On the client side, I am known for setting proper expectations. While price is always a concern, part of my job is to explain the difference between (true) cost and price. Since my approach is consultative rather than product oriented, I position myself so the discovery process, the act of determining what is important to the client as well as for the client, is the most meaningful part of the client’s experience. Our follow-up discussions center on creating a path for clients to achieve their goals and overcome any roadblocks that may present a challenge.
Jonathan: How does your personal brand affect your business partners?
Michael: In a world of big sharks and small ponds, my partners Jerry Simon and Joel Kabaker and I have not just banded together to achieve scale economies for our expenses. Our business model is to determine which partner or partners is/are best suited by expertise, knowledge, style and ability to work best with and be most resourceful to our clients. If you ask other advisors about our firm the kinds of comments you’ll get are, “Those guys know as much or more about insurance than anybody else in town.” “Most honest straightforward insurance agents in the business.” “They keep us in the loop – they don’t sit on any news – good, bad or indifferent.”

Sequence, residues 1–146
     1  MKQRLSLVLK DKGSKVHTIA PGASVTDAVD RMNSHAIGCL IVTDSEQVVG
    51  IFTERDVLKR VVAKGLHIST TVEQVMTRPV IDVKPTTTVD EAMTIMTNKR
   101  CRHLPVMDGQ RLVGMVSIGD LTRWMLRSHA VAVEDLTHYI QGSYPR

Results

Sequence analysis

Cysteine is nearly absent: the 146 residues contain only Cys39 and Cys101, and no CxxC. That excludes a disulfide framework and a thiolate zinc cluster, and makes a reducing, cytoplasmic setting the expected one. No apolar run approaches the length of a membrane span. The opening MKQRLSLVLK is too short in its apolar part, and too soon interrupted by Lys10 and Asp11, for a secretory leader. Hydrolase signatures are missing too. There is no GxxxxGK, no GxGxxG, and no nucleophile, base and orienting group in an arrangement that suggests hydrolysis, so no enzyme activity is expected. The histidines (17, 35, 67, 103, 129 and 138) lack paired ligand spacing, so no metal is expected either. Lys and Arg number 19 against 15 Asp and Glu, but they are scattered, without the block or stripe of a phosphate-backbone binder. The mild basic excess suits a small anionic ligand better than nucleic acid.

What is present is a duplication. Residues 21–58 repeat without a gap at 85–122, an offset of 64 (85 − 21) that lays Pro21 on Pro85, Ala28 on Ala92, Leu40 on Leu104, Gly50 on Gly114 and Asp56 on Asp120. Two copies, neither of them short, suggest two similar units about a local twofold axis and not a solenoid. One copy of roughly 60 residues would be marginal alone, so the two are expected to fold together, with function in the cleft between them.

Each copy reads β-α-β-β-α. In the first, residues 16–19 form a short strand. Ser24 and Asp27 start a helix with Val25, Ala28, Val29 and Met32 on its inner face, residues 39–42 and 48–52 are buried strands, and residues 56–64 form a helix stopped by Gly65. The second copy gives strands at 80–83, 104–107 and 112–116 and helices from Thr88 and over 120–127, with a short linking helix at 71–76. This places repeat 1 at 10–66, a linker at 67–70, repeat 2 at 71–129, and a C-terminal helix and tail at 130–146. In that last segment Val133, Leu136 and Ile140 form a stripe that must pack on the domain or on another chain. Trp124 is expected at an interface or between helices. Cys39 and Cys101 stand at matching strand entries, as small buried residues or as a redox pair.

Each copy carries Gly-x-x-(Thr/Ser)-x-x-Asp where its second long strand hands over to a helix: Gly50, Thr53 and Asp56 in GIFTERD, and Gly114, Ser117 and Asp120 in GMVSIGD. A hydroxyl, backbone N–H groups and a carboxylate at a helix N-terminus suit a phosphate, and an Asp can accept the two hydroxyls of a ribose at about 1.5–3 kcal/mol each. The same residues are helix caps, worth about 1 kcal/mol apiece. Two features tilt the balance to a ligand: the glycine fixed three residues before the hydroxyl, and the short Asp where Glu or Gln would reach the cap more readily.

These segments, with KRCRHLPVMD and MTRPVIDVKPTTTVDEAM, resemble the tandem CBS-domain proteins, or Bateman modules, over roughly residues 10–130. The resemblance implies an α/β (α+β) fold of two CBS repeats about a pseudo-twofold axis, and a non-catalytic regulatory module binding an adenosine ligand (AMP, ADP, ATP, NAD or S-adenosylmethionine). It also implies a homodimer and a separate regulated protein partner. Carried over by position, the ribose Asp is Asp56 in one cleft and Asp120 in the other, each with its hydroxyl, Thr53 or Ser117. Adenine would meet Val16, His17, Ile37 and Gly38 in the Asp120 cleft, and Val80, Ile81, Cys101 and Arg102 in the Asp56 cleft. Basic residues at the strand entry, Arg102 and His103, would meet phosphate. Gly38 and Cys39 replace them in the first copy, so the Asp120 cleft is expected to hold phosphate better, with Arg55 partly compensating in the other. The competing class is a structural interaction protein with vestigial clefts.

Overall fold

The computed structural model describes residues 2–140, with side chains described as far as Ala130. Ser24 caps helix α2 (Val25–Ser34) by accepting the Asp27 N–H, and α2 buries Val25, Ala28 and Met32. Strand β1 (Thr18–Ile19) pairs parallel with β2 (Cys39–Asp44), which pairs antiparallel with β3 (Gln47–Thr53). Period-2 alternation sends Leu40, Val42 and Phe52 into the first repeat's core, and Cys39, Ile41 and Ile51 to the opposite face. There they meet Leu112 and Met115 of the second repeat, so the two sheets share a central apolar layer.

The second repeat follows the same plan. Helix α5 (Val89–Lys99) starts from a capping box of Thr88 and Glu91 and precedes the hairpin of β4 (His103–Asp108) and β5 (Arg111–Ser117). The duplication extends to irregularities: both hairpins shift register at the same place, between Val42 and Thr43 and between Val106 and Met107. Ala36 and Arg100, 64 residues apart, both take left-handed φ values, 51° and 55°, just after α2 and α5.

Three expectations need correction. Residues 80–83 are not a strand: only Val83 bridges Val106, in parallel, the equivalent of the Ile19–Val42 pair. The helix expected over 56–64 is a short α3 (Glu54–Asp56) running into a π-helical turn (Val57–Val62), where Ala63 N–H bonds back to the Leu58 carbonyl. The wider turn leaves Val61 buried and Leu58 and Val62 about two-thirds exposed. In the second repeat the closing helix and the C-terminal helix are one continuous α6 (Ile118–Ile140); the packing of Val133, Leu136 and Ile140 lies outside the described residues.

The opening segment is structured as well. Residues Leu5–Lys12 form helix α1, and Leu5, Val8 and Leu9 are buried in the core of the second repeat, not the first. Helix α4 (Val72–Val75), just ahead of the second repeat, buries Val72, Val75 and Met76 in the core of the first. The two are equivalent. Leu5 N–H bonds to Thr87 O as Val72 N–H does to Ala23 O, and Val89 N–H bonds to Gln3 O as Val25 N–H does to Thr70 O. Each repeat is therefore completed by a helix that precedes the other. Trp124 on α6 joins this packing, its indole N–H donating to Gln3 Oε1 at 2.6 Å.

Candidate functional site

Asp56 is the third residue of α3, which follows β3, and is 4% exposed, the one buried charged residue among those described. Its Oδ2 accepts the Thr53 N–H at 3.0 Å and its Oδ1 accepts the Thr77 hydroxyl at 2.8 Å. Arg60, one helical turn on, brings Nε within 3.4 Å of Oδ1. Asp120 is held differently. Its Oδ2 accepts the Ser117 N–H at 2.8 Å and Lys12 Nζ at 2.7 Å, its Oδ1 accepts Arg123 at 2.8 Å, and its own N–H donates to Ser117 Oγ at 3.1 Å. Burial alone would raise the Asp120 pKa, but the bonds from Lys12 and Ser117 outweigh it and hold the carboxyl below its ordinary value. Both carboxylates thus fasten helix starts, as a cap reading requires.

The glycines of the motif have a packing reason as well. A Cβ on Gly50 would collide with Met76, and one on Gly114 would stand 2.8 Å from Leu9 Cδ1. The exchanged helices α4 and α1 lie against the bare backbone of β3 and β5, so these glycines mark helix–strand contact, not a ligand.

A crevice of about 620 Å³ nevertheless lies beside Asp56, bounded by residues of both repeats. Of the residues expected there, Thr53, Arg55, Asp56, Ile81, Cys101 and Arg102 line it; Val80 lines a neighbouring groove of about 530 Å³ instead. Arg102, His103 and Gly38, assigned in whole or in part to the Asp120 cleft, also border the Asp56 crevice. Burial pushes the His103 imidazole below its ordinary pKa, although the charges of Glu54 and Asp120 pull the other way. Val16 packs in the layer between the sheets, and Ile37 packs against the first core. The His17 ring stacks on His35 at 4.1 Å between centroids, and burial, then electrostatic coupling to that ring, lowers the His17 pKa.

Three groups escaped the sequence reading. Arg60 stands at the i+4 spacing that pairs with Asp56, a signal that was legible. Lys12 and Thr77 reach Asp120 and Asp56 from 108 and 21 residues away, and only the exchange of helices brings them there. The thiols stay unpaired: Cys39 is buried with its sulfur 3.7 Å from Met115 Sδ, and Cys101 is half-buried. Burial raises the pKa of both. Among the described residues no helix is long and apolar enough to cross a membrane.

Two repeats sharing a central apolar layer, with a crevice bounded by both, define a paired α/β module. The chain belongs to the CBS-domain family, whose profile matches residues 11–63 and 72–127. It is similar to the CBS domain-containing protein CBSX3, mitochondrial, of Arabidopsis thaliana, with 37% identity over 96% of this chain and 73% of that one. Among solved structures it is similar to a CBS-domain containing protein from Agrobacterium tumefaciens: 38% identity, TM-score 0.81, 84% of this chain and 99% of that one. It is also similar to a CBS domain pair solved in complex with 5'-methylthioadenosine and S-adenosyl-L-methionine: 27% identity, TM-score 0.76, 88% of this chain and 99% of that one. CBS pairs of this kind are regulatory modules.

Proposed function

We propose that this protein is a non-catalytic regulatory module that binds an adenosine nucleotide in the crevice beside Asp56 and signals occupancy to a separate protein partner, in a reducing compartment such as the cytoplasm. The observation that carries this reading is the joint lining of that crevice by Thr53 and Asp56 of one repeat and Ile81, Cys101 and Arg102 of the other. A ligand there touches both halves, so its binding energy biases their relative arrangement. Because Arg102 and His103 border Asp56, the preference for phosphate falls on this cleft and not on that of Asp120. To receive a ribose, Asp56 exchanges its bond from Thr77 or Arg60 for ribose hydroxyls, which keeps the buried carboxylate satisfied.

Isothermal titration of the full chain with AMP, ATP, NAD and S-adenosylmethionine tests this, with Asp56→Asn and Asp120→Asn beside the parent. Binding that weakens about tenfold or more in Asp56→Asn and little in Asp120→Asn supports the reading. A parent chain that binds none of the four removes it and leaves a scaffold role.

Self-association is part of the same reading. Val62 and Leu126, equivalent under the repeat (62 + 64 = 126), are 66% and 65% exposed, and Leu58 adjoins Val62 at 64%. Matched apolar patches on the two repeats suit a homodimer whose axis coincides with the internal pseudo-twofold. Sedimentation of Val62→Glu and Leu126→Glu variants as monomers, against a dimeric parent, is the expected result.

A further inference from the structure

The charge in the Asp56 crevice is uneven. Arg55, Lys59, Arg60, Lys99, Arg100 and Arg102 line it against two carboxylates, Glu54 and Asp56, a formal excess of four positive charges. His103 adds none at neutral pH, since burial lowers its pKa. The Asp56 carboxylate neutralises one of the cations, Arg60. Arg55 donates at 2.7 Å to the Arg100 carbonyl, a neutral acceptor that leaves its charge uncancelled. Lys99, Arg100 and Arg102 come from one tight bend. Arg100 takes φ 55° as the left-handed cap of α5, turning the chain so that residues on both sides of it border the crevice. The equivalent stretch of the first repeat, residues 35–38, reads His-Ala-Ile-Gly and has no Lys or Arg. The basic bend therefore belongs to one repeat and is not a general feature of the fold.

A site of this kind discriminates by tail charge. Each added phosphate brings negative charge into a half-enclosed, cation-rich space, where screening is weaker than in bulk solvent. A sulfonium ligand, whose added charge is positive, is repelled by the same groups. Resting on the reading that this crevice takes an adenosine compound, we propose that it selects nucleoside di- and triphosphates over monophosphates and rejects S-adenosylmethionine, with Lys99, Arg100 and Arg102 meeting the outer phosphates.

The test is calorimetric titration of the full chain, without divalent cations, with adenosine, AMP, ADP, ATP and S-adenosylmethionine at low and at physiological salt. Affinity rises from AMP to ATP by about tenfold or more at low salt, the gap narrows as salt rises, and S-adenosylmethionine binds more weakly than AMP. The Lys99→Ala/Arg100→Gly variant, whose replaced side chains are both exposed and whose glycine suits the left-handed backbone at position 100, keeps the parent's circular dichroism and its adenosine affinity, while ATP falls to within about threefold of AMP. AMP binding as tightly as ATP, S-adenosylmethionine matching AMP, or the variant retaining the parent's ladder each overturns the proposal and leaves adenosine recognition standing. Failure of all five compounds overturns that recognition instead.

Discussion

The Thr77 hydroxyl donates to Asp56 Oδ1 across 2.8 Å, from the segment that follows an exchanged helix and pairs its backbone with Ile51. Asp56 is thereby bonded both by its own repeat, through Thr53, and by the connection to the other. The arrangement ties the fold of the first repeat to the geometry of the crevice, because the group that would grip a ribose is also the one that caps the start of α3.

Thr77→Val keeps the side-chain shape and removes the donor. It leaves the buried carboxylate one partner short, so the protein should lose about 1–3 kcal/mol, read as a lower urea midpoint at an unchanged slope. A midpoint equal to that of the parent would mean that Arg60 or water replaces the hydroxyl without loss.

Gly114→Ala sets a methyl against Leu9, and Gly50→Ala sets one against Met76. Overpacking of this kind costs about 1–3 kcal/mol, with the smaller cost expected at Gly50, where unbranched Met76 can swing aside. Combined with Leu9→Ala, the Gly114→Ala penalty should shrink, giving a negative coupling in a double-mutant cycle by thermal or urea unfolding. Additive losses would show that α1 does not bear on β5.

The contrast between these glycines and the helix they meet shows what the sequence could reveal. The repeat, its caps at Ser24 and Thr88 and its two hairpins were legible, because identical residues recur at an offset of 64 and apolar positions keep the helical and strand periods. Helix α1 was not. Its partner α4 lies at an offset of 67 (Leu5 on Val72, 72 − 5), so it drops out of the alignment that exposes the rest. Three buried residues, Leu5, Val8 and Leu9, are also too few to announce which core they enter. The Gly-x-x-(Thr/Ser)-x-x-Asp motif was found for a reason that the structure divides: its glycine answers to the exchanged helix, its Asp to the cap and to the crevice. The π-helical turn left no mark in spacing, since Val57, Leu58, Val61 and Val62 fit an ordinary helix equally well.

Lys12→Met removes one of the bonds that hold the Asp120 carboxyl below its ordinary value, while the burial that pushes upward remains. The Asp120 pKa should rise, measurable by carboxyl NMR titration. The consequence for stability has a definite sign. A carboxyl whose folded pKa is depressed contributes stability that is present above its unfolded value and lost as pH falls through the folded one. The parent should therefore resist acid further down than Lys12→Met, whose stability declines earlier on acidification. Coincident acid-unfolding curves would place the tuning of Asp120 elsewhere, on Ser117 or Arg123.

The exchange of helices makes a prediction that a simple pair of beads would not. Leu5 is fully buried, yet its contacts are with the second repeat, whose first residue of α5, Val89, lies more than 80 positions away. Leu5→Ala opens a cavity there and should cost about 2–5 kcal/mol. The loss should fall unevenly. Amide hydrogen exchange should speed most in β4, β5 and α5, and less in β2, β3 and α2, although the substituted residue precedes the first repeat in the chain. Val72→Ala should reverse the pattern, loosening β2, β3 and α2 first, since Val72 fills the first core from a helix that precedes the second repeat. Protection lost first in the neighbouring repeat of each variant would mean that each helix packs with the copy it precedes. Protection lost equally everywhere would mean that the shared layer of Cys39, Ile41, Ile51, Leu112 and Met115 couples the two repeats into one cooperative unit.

As for me, I try to maintain my persona. I keep in touch without a specific sales reason. If I find something I like, I try to think of others I know whom would also like it– and I let them know. I am always forwarding book names (or books) (in that vein Jonathan, have you read Tom Peters’ classic, Brand You?), music recommendations, food, wine, restaurant and theater recommendations. I pass along articles. I remind people how important they are– and not just to me. I am on time or early. I acknowledge kindness(es). I openly and inclusively applaud accomplishment. I value people, and I demonstrate to them that I value them.
Jonathan: What do you do on a regular basis to manage/promote your brand?
Michael: My partner, Joel Kabaker has said to me on more than one occasion, “Isn’t it funny? If I/we don’t make the call, the call is never made.” I have learned that if I want my phone to ring, I need to start making some calls. Other things include: